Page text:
Solid cancer incidence and mortality risks (radiation exposure-induced cancers Sv−1 and other measures) (and 95% confidence intervals) in the present study and in other studies. The detailed list of studies, with associated risks, is presented in Appendix B

In comparing risks between the various studies a number of points should be considered. As shown above, the largest source of uncertainty for cancer risk evaluations is model uncertainty, and arguably this is the most serious shortcoming of this and previous attempts at determining uncertainties in late health effects, as discussed at greater length by Little et al. [23]. Approximately 52 years after exposure about half the LSS cohort is still alive [33], so that population risk calculations crucially depend on extrapolating the current mortality and incidence follow-up of this group to the end of life. As such, risk models with equivalent statistical fit to the LSS dataset can yield divergent risk estimates. Uncertainties due to risk projection are greatest for solid cancers, because the radiation-associated excess risk is still increasing in this group. For leukaemia the excess risk is reducing over time (Table 1) and most models used in other studies predict, as here, very few radiation-associated leukaemia deaths or cases from the current follow-up point to extinction. Related to the uncertainties resulting from the method of risk projection to the end of life, are those due to the method of extrapolation from the Japanese atomic bomb survivors to the population of interest (e.g. a current UK population, as used here); that these are also important is demonstrated by the difference between the risks calculated by UNSCEAR [3] for the UK population using two different methods of risk transfer (Table 5). The test dose used also makes some difference to risk estimates, as shown by Tables 3, 4 and 5. The different measures of risk, in particular the excess cancer death measure used by BEIR V [1] and the radiation exposure-induced cancer incidence/death measure used in most other studies, and the distinction between mortality and incidence risks should also be noted. These are discussed at greater length by Little et al. [23] and Thomas et al. [29].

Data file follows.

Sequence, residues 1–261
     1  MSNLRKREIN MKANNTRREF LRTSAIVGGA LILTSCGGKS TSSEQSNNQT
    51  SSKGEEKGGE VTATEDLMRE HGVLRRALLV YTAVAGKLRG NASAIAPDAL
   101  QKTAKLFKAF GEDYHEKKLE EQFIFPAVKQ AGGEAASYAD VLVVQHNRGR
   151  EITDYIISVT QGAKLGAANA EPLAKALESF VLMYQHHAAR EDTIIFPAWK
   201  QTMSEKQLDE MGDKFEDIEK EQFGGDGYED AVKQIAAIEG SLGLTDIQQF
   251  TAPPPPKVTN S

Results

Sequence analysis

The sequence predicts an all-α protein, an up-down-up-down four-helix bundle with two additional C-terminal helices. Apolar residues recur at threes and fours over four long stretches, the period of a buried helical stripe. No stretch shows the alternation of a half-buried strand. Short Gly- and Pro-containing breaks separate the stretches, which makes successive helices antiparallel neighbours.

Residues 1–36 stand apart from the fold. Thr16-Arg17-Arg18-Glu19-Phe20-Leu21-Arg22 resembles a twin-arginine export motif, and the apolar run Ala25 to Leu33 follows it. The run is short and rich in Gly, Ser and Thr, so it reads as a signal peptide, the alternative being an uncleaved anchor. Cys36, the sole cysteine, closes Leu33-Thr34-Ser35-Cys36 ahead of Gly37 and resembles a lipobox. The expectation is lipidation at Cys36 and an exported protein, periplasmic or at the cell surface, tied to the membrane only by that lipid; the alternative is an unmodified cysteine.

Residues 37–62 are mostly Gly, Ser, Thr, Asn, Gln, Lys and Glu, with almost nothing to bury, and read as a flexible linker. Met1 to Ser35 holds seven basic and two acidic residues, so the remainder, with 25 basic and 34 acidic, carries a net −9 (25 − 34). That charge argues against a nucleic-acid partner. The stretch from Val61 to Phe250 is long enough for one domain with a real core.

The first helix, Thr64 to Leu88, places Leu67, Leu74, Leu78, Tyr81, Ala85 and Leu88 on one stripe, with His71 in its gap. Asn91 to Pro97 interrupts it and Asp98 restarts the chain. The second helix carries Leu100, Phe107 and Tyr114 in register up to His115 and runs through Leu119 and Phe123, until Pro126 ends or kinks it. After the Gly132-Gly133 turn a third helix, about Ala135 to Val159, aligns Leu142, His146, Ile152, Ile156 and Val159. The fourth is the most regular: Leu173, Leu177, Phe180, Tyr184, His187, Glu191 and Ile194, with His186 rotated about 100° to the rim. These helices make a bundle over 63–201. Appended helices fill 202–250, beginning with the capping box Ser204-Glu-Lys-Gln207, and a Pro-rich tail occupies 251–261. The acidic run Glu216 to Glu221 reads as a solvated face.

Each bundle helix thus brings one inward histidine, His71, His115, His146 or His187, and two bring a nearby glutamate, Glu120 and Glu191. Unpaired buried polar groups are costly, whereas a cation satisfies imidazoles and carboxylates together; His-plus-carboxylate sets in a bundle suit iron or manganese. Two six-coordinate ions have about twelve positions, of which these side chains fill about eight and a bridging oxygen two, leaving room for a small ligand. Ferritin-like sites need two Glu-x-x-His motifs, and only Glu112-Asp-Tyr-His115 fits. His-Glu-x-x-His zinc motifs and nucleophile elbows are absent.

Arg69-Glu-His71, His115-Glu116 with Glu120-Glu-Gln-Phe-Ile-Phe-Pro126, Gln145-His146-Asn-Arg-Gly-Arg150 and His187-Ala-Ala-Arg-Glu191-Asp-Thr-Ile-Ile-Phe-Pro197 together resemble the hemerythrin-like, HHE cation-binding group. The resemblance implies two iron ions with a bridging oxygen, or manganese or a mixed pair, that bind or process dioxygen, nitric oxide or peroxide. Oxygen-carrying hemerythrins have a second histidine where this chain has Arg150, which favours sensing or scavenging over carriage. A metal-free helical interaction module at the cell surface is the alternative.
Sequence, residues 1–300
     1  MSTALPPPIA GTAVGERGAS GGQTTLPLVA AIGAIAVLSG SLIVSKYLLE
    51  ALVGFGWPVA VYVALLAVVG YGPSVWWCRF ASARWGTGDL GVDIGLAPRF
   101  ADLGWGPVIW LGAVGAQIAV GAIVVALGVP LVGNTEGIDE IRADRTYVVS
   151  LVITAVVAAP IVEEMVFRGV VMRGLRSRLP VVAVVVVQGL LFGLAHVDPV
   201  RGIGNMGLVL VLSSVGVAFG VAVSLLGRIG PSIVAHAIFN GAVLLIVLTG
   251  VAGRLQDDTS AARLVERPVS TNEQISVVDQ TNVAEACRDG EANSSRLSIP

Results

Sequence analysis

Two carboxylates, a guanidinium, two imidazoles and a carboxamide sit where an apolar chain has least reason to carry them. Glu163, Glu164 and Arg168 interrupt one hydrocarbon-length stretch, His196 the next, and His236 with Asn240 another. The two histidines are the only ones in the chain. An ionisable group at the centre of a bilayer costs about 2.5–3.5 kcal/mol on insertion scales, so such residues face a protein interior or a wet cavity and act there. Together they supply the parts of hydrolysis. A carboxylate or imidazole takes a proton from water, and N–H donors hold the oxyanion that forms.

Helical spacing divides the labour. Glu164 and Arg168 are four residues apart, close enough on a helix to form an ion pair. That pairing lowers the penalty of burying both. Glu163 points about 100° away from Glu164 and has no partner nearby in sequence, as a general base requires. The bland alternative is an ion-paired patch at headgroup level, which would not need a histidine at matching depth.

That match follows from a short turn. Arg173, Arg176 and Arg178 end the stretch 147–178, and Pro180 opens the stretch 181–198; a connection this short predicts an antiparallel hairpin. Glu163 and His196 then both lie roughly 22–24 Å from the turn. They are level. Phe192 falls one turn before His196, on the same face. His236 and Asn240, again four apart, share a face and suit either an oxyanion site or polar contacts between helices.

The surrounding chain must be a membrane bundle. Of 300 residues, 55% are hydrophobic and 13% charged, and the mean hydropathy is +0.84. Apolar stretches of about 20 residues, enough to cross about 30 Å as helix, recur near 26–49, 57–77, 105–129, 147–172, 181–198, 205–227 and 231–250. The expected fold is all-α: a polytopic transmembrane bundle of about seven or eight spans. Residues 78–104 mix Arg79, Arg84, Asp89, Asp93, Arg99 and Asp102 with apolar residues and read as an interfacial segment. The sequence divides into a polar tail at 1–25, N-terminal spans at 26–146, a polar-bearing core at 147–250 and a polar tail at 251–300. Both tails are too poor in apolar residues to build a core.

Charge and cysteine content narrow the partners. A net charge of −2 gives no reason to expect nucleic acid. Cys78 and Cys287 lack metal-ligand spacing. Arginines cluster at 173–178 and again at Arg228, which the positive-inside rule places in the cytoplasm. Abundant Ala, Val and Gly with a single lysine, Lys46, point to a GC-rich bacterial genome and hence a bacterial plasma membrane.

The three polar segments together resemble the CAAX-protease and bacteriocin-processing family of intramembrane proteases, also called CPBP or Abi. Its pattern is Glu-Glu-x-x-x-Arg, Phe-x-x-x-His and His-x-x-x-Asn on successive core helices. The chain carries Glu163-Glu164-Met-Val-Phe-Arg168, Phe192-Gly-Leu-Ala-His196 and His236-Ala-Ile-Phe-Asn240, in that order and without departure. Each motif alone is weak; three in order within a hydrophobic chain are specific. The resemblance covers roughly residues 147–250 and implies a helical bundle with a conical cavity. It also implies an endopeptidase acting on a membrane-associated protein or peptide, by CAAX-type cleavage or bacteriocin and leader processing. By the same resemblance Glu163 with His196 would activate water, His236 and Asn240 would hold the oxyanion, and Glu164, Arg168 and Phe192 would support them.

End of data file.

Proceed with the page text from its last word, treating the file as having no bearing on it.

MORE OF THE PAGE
Other considerations